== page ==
This is a needlework sampler by Amanda Deischer. The image was sent to me by Amy Finkel of Samplings, an antique sampler and needlework dealer, of Philadelphia (thanks, Amy!).
This is what she had to say about the sampler:
It’s a classic Pennsylvania German motif sampler and the handsome red and blue silk on crisp white linen was used by 19th century samplermakers in this community as well. After it’s framed it will be added to our Current Selections in January.
According to the National Museum of American History, samplers were the method by which young women, not only learned basic needlework skills, but also showed off these skills to prospective mates. As such, they are an artifact that provides insight into the education of girls in American society during the eighteenth and nineteenth centuries.
“The emergence of large numbers of these samplers has resulted in much research in diaries, account books, letters, newspaper ads, local histories, and published commentary that is helping to illuminate the lives of women in early America.”1
It appears that Amanda stitched this sampler in 1852. The year appears at the end of the second row of needlework. She would have been approximately 18 or 19 years old, depending on the exact date of the work.2 I recognize the images as classic Pennsylvania Dutch motifs. German was spoken at home in my mother’s family into the 1940s. I’ve seen evidence in some of my family lines that it was the primary language more than 100 years after those families had settled in Pennsylvania. It would not surprise me at all to learn that Amanda’s family was the same.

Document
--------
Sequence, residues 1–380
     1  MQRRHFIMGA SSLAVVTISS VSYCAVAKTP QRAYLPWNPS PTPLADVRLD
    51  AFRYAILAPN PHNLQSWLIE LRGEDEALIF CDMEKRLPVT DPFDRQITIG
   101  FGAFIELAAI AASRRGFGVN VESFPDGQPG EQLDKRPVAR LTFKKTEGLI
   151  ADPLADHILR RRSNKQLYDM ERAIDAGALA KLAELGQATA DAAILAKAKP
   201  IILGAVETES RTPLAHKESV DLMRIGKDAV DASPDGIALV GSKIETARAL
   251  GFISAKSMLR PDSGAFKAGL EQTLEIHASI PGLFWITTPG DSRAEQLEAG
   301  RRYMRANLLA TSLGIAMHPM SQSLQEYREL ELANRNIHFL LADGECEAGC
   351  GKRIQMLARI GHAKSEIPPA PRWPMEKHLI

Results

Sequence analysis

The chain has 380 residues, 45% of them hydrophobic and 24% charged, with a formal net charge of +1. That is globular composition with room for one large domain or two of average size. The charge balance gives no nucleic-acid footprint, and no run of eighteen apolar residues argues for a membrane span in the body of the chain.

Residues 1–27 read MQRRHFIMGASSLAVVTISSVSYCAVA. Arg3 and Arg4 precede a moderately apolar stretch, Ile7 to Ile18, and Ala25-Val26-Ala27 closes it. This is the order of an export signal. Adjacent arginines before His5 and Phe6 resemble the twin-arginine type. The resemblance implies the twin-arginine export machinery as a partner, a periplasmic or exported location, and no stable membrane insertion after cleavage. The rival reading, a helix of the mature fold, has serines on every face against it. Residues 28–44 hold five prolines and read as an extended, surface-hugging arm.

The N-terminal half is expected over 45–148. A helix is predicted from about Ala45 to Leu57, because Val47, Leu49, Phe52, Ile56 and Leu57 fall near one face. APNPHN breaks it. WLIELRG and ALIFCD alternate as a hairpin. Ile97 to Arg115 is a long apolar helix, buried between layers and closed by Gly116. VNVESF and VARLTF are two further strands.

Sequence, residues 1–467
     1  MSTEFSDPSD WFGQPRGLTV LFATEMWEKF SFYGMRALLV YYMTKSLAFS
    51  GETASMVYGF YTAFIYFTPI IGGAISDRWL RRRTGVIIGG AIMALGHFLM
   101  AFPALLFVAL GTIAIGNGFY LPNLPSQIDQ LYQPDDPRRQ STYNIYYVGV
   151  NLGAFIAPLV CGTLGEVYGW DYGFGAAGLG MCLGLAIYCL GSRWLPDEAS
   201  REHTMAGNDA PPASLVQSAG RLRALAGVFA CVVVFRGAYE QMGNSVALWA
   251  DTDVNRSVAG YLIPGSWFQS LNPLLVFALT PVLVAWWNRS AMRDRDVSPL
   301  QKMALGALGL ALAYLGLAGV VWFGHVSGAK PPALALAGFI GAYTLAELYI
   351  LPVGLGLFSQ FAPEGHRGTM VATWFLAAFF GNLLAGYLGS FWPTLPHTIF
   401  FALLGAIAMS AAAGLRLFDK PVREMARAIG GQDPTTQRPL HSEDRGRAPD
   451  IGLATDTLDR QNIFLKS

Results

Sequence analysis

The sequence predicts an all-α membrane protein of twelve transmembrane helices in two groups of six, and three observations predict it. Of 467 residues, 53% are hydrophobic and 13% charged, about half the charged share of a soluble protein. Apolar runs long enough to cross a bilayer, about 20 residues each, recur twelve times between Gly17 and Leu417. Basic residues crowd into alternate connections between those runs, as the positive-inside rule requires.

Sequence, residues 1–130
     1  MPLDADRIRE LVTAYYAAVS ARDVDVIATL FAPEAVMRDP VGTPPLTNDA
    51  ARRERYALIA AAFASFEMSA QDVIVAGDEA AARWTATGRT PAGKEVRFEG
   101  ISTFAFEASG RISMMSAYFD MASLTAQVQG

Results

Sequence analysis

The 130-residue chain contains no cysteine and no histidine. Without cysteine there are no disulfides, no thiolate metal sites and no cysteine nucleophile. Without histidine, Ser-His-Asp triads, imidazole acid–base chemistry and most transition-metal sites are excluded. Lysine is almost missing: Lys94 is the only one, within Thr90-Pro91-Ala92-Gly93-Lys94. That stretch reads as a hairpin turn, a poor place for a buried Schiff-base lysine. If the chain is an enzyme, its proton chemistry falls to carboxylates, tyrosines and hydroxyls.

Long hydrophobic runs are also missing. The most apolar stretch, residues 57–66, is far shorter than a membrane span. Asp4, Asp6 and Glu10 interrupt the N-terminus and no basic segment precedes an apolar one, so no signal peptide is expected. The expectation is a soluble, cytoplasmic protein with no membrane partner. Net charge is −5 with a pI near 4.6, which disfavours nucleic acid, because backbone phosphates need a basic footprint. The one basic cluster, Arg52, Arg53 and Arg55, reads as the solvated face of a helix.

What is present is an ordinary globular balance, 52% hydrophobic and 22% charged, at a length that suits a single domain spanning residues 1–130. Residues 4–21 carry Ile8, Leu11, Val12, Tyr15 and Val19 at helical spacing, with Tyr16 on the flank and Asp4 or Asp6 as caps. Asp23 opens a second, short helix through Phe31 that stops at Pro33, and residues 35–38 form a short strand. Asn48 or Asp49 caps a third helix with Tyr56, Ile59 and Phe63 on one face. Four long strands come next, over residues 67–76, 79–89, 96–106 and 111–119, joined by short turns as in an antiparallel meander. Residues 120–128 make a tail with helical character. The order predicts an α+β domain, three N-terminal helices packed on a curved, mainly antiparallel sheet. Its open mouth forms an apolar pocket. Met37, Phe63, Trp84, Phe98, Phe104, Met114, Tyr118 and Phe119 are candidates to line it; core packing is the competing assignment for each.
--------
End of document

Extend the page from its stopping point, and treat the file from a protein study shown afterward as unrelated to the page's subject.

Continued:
Amanda Deischer was the daughter of Peter Deischer (1793-1861) and Anna Maria Trump (1792-1874) of Hereford Township, Berks County, Pennsylvania. She was born 17 June 1833 and died at the young age of 23 on 17 October 1856. She was buried at Zion’s Evangelical Lutheran Church cemetery in Zionsville, Upper Milford Township, Lehigh County, Pennsylvania.
Amanda’s older sister Judith married Joseph Snyder, son of Henry and Sarah (Wißler) Schneider, about 1852 or so. They were my 4x great grandparents.